Women's March Organizer: 'We Are Committed' To Fighting For Change NPR'S Ari Shapiro speaks with Janaye Ingram, who ran logistics for the Women's March on Saturday, about how the march's organizers plan to focus that energy and how they move forward.
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Women's March Organizer: 'We Are Committed' To Fighting For Change

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Women's March Organizer: 'We Are Committed' To Fighting For Change

Women's March Organizer: 'We Are Committed' To Fighting For Change

Women's March Organizer: 'We Are Committed' To Fighting For Change

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NPR'S Ari Shapiro speaks with Janaye Ingram, who ran logistics for the Women's March on Saturday, about how the march's organizers plan to focus that energy and how they move forward.

ARI SHAPIRO, HOST:

Over the weekend, millions of people marched in cities around the world. At the Women's March, people carried signs that talked about immigration, the environment, abortion and many other issues. Now one question is how organizers of the march plan to focus that energy.

Janaye Ingram was the head of logistics for the Women's March and joins us now. Welcome to the program.

JANAYE INGRAM: Thank you so much.

SHAPIRO: What do you envision for how you will use the energy of these millions of people around the world?

INGRAM: I think that's a great question. We have been encouraging women to march on. That's sort of been our slogan. But I think in order for us to actually achieve change, that will require us to ensure that we are talking to our elected officials, that we are advocating, that we are engaged civically in our communities. And I think all of that combined is really going to create a shift in what we've seen and what we know has been happening as it pertains to women's rights. And hopefully, as the saying goes, the future is female, and we'll see more rights achieved for women across the world.

SHAPIRO: I hear you talking about engagement but not necessarily about a specific issue. And with so many different issues on the table represented at these marches, do you fear that a lack of focus could dissipate some of this energy?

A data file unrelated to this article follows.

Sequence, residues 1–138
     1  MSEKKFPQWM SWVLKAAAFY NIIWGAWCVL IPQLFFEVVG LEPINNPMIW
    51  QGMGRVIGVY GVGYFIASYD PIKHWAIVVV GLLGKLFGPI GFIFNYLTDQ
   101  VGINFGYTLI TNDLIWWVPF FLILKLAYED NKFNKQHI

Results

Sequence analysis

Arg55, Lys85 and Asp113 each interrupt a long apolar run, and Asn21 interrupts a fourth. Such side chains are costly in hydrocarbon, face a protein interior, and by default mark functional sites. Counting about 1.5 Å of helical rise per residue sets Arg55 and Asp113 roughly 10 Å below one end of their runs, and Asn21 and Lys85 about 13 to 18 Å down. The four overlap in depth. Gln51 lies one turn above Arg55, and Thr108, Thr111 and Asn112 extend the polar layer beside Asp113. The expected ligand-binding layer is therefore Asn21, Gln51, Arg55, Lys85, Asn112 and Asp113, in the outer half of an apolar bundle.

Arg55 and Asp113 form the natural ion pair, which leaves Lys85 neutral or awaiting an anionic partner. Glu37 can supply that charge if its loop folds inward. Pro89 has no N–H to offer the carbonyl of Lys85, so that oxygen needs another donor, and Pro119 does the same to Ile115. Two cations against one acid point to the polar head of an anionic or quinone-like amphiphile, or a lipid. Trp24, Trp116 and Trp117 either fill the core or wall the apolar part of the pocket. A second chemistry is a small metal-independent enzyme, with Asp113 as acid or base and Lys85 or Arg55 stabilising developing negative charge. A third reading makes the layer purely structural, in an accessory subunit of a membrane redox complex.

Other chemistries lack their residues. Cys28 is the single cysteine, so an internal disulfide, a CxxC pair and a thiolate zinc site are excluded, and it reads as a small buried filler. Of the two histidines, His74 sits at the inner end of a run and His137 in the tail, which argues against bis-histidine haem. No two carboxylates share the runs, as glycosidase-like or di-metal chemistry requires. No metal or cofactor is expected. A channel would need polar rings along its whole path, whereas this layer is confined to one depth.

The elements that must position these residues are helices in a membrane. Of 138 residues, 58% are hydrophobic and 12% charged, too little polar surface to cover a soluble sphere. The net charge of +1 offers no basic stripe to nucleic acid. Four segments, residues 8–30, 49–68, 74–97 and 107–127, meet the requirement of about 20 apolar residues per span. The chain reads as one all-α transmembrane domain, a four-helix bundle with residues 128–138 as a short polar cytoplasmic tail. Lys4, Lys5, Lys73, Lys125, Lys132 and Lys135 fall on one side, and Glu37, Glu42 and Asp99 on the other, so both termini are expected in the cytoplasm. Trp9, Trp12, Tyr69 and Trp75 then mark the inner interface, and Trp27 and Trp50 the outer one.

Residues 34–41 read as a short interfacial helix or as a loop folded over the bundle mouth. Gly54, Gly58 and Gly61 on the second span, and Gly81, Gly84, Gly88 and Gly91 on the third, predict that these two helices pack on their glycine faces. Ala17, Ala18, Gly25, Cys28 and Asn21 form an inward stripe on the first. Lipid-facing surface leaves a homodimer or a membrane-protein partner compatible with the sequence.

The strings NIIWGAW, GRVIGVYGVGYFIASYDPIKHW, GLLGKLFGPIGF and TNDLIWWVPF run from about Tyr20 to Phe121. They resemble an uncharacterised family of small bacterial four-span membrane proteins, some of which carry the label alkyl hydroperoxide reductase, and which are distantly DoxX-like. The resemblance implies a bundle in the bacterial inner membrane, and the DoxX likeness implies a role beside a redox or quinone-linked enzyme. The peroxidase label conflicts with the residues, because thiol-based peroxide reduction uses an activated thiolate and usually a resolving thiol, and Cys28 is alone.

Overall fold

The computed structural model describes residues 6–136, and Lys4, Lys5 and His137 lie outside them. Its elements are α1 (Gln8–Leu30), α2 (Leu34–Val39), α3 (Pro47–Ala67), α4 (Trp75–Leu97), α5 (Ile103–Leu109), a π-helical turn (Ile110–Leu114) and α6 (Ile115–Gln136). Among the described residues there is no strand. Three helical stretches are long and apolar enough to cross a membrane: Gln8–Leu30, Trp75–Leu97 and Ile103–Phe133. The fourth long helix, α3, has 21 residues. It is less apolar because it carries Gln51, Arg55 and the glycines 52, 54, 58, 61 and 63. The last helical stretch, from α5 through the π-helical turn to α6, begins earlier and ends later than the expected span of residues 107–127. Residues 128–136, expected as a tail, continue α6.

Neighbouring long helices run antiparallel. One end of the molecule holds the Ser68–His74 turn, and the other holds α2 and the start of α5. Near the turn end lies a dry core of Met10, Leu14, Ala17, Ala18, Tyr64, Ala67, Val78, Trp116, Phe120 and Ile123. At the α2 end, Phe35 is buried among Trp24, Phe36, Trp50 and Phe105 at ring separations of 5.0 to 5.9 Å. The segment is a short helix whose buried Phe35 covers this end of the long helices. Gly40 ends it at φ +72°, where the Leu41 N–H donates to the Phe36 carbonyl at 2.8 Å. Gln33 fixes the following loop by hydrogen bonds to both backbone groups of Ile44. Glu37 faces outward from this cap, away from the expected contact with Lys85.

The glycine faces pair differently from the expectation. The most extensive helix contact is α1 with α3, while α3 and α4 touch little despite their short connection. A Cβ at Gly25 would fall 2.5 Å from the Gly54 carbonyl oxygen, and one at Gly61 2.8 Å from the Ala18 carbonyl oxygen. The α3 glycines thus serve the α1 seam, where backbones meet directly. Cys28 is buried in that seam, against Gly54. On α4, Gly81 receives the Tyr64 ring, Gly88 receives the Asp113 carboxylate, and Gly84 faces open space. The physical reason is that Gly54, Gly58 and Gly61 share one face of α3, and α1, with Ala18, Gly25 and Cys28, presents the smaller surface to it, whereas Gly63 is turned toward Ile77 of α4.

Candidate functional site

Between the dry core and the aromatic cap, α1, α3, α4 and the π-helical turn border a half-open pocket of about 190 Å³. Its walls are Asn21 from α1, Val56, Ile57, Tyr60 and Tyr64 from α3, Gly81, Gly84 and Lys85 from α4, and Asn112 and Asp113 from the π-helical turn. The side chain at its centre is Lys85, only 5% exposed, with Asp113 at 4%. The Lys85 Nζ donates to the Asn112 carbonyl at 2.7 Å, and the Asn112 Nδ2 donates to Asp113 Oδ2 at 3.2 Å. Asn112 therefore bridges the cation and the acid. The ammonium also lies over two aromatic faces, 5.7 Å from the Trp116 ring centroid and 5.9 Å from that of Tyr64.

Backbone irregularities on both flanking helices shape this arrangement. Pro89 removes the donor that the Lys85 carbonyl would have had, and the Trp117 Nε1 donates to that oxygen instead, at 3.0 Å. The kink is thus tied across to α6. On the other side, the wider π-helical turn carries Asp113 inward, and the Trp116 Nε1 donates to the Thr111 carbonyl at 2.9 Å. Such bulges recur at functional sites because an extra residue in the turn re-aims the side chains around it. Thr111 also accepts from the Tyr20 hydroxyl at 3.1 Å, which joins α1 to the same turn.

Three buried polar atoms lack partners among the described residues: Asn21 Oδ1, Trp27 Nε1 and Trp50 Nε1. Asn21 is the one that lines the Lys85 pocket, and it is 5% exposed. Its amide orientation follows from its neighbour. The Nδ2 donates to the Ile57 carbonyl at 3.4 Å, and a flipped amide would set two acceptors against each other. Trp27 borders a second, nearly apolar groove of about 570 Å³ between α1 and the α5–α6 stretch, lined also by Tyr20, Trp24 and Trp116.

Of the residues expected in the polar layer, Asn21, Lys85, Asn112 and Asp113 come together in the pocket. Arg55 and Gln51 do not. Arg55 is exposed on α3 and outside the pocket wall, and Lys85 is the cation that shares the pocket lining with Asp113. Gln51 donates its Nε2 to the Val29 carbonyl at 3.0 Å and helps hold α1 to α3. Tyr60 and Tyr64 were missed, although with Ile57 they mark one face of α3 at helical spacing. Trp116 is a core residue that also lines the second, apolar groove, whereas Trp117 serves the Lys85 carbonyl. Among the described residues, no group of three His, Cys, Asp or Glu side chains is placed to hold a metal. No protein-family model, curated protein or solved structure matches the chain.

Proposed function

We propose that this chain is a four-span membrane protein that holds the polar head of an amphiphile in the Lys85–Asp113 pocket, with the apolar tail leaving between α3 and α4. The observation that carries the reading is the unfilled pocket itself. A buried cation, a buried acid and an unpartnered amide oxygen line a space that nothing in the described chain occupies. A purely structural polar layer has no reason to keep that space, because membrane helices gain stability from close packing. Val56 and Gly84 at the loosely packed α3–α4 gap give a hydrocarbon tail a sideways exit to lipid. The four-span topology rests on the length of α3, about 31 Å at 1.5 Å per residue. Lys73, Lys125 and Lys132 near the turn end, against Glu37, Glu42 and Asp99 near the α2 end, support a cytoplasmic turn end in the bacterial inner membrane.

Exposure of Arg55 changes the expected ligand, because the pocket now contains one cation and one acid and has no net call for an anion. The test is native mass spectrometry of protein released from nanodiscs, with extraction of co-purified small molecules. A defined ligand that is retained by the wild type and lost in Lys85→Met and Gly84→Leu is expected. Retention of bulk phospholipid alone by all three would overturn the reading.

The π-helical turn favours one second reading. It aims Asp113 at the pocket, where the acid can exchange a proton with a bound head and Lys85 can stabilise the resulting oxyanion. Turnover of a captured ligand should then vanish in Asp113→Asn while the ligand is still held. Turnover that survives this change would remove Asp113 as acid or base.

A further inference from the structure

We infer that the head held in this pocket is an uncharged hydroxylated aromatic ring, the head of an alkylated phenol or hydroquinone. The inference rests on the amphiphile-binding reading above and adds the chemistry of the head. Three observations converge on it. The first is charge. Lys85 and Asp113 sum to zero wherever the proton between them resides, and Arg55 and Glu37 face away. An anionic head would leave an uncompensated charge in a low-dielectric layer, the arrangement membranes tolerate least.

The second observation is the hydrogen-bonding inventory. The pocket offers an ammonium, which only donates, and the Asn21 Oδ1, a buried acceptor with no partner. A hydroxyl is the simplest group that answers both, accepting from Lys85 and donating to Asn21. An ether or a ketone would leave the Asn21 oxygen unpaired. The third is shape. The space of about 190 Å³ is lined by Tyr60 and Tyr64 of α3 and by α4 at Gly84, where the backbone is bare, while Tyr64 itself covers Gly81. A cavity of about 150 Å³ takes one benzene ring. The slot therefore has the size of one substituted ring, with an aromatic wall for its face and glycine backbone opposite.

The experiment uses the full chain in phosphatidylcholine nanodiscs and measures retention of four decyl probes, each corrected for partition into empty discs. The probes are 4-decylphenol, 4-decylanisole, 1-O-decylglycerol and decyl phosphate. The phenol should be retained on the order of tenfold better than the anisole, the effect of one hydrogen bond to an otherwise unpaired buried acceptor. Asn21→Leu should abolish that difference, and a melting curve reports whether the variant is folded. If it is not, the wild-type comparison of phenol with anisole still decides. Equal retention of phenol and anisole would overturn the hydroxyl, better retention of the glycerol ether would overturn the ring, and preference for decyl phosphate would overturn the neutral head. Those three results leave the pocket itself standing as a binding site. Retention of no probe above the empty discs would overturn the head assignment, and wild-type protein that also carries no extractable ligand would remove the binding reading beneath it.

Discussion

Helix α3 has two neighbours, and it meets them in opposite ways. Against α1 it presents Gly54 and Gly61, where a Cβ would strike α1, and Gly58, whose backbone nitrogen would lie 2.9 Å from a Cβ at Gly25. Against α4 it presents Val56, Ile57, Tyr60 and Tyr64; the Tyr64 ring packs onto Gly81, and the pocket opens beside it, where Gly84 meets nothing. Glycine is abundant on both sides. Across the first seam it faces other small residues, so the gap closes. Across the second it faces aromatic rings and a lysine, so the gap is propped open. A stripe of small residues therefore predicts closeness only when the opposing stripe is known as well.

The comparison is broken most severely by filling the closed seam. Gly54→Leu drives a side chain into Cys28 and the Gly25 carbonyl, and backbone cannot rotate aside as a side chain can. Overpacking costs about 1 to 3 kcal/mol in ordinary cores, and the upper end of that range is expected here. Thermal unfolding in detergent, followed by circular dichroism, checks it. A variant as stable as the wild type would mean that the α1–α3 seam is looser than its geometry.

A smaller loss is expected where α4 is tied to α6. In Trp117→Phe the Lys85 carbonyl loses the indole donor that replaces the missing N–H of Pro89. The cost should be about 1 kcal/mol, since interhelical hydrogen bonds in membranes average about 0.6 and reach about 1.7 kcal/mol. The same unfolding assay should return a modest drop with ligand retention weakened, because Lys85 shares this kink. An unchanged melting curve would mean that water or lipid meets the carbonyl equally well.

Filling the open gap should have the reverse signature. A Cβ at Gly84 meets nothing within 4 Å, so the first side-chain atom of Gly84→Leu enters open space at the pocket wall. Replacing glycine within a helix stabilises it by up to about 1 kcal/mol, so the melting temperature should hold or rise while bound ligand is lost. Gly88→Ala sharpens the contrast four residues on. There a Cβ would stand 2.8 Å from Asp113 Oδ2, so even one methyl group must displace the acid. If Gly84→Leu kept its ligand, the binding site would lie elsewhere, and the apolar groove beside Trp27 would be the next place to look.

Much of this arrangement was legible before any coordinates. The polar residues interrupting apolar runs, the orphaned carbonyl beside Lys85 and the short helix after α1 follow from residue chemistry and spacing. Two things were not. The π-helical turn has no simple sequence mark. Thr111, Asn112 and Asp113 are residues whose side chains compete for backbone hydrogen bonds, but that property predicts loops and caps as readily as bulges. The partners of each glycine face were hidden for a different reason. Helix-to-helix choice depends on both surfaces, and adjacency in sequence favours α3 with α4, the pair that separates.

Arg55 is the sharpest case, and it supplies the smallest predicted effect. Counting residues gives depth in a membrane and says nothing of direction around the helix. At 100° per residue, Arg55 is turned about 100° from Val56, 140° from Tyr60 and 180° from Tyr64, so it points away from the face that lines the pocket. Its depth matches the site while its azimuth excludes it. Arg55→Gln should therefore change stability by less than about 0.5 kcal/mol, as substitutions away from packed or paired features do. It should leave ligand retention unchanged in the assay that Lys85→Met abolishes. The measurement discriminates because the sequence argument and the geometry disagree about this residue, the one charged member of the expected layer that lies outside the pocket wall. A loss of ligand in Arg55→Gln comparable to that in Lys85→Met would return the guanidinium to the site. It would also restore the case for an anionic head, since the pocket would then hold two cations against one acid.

INGRAM: I don't think that a lack of focus will dissipate the energy. I think that there are a lot of issues for people to be passionate and concerned about. I think what we saw is a need to be intersectional in how we approach our advocacy. So it means that...

SHAPIRO: Intersectional meaning, black people advocate for LGBTQ people and...

INGRAM: Correct.

SHAPIRO: ...Immigrants advocate for women, et cetera.

INGRAM: Absolutely. Because together, if we're interwoven and interconnected in our fight for progress, it makes us stronger.

SHAPIRO: When you look at the protest movements of the last decade, from the Tea Party to the Occupy movement to Black Lives Matter, what lessons do you take away from those about what works and what doesn't work?

INGRAM: We, in some ways, are a leaderless movement because we have a whole group of women who had been leading this effort. But we've had to figure out what that structure looks like and how to make that work. I think that was sort of a lesson learned from the Occupy movement.

And I do think that this is different. We can't just say it's a cookie-cutter-type lessons that we can learn but really looking at - what is the reality of this political climate? And what is it that we are hearing from women about what they want to do and what they want to see changed and how we can make that happen?

SHAPIRO: What specifically is the next step?

INGRAM: Well, there are lots of next steps, and we encourage people to stay in touch with us. If they weren't able to come to the march, we definitely want them to be sure to check out our website because that's going to be the place where we continue to unfold all the various actions that we'll have from here on out.

SHAPIRO: But give us a preview. I mean, you've announced there'll be 10 actions in a hundred days. Specifically, what's the next step?

INGRAM: Well, I don't want to get out ahead of myself. And - since you've seen the website, you know that we have postcards that we are sending out to elected officials. And we're encouraging people to march on and to continue to advocate for whatever your issue is. Speak to your local elected officials. Speak to your state elected official, your governor as well as the president. We want people to connect and to advocate for themselves. We don't want to tell people what to do. We want people to find the issue that moves them the most and to do something about that issue in these next few days.

SHAPIRO: Ultimately, how will you measure whether this movement has been successful or not?

INGRAM: Well, I think it definitely is about engagement. I think we've clearly made history. And so that in and of itself, there's a place in the history books where this effort will be noted. But I think for all of us, we are committed to ensuring that that's just not the end of it - that there is some actual substantive change, that we move the ball for all of the people that we march for, whether it's our mothers, our grandmothers, our daughters, our sisters, our friends or the little girls that we don't even know yet. But we know we want to see a better future for them than the one that we're currently living in.

SHAPIRO: Janaye Ingram was head of logistics for the Women's March on Washington. Thanks for taking the time.

SHAPIRO: Thank you.

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